• Degree level apprenticeships are currently only available in England and Wales. You will typically study for a bachelor’s degree whilst undertaking full time work in a science-related role. You could be analysing data or researching and developing new products in your specialist scientific area alongside a senior scientist. These apprenticeships are not yet widely available but are increasing. You will need to hold a grade C GCSE and typically A-level or applied generals. It takes three to five years depending on the level of experience and qualification you already have. Upon completion, you could be eligible for the Registered Scientist (RSci) professional award.

  • Masters level apprenticeships are currently only available in England and Wales. You will typically study for a masters degree for two and half years whilst undertaking full time work in a science-related role. These apprenticeships were only launched in 2019 so places are currently limited but are due to increase. Upon completion, you could be eligible for Chartered Chemist (CChem) status.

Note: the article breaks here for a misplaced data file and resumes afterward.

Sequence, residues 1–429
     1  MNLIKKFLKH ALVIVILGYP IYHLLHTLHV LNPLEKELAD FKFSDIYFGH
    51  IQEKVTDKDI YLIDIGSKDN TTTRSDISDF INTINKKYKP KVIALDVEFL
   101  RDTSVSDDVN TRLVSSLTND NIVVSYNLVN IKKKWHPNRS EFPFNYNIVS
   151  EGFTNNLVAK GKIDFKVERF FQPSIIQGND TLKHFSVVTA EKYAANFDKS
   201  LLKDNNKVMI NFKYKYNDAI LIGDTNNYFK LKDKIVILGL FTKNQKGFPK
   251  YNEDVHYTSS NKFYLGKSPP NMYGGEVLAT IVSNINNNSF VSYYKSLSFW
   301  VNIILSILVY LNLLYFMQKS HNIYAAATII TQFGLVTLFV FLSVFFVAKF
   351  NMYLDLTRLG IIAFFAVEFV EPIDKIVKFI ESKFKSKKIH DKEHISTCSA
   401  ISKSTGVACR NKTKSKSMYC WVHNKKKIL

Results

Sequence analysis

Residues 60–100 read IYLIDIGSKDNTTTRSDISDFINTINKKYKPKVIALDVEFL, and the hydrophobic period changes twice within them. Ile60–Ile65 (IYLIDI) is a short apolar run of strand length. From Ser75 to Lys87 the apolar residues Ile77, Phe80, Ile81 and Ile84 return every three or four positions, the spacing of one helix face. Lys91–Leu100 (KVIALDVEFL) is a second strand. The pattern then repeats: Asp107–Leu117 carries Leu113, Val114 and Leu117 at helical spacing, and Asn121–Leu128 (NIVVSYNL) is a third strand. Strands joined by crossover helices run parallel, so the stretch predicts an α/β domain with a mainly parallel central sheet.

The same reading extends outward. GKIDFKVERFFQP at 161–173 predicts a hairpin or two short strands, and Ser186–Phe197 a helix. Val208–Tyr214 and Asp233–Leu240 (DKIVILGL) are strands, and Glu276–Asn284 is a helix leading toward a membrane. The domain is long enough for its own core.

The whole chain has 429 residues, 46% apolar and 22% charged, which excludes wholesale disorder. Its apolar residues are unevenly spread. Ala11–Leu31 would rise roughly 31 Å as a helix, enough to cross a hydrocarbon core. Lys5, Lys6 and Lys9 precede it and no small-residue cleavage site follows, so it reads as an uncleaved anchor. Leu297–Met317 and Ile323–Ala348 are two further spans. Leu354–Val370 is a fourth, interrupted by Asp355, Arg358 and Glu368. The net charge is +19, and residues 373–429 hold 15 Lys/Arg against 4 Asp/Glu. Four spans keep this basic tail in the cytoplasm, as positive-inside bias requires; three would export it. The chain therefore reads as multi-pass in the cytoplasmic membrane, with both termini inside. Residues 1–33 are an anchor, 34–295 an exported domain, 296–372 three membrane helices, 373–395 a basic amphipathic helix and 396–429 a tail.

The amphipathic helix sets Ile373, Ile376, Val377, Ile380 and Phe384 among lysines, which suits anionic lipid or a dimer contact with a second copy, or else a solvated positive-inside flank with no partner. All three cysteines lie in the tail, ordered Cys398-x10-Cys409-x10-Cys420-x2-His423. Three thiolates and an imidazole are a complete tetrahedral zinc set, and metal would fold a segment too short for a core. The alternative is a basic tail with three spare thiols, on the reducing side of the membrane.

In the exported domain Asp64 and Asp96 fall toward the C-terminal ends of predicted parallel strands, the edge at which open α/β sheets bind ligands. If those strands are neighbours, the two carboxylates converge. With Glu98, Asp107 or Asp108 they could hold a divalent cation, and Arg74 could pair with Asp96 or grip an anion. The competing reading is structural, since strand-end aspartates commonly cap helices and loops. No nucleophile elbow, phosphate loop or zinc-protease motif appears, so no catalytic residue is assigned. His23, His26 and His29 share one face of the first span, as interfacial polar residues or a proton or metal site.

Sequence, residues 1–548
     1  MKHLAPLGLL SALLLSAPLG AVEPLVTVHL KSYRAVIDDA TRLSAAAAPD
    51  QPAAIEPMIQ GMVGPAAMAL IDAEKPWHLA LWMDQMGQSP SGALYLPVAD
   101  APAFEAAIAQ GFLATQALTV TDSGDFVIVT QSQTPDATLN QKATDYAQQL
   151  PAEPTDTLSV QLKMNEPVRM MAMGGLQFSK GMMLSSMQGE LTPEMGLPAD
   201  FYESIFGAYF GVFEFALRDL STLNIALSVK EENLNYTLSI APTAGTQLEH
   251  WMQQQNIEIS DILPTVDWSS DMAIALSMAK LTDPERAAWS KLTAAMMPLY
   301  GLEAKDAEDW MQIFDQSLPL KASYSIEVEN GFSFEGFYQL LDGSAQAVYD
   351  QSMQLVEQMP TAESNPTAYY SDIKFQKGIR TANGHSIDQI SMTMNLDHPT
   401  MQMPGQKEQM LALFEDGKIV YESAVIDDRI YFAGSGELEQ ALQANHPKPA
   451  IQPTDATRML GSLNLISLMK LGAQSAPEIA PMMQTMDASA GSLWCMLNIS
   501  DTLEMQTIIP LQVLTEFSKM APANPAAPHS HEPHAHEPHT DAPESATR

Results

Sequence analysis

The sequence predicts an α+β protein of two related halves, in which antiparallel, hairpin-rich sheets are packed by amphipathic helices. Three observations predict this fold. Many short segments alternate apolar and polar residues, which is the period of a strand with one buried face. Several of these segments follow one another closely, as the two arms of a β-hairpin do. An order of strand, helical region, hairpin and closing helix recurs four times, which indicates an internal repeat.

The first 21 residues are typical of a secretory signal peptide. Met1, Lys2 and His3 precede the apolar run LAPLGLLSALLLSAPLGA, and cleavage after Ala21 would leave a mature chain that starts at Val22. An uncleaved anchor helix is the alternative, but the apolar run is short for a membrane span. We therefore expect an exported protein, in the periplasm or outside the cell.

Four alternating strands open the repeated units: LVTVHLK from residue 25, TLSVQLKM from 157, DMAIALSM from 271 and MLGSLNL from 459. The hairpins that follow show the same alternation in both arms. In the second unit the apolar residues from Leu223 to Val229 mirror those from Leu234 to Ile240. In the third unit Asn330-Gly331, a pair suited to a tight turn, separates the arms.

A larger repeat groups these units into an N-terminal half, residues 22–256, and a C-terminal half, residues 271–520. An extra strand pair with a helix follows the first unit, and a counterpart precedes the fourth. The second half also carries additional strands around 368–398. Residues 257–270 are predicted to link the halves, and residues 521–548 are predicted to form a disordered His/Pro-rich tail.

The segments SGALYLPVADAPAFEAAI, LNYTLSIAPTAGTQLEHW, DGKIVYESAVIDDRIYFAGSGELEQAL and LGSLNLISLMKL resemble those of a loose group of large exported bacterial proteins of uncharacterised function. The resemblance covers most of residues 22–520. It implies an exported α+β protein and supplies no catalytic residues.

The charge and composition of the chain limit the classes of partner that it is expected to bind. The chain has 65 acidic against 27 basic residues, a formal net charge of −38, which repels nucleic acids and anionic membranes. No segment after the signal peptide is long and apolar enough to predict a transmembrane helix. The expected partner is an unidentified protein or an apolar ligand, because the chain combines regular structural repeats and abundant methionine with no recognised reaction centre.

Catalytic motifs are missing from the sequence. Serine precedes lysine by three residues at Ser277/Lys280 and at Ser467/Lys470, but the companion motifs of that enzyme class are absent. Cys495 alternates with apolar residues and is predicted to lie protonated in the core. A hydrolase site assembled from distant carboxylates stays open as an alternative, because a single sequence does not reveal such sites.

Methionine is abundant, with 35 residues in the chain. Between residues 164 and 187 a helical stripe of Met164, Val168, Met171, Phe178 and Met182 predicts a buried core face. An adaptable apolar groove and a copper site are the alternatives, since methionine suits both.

In England, apprenticeships have been going through a large amount of reform which has seen them move towards a system where the knowledge, skills and behaviours required for the apprenticeship are now tested at the end of the programme with qualification/s not necessarily issued. Some apprenticeships do continue to have a qualification but others do not. We would suggest that individuals check whether their preferred apprenticeship results in a qualification and if not ensure that the knowledge development within the apprenticeship is equivalent to a qualification. For further advice speak to the organisation who is advertising the apprenticeship, or a careers adviser who can support you in understanding your options and how this may affect your long term career development.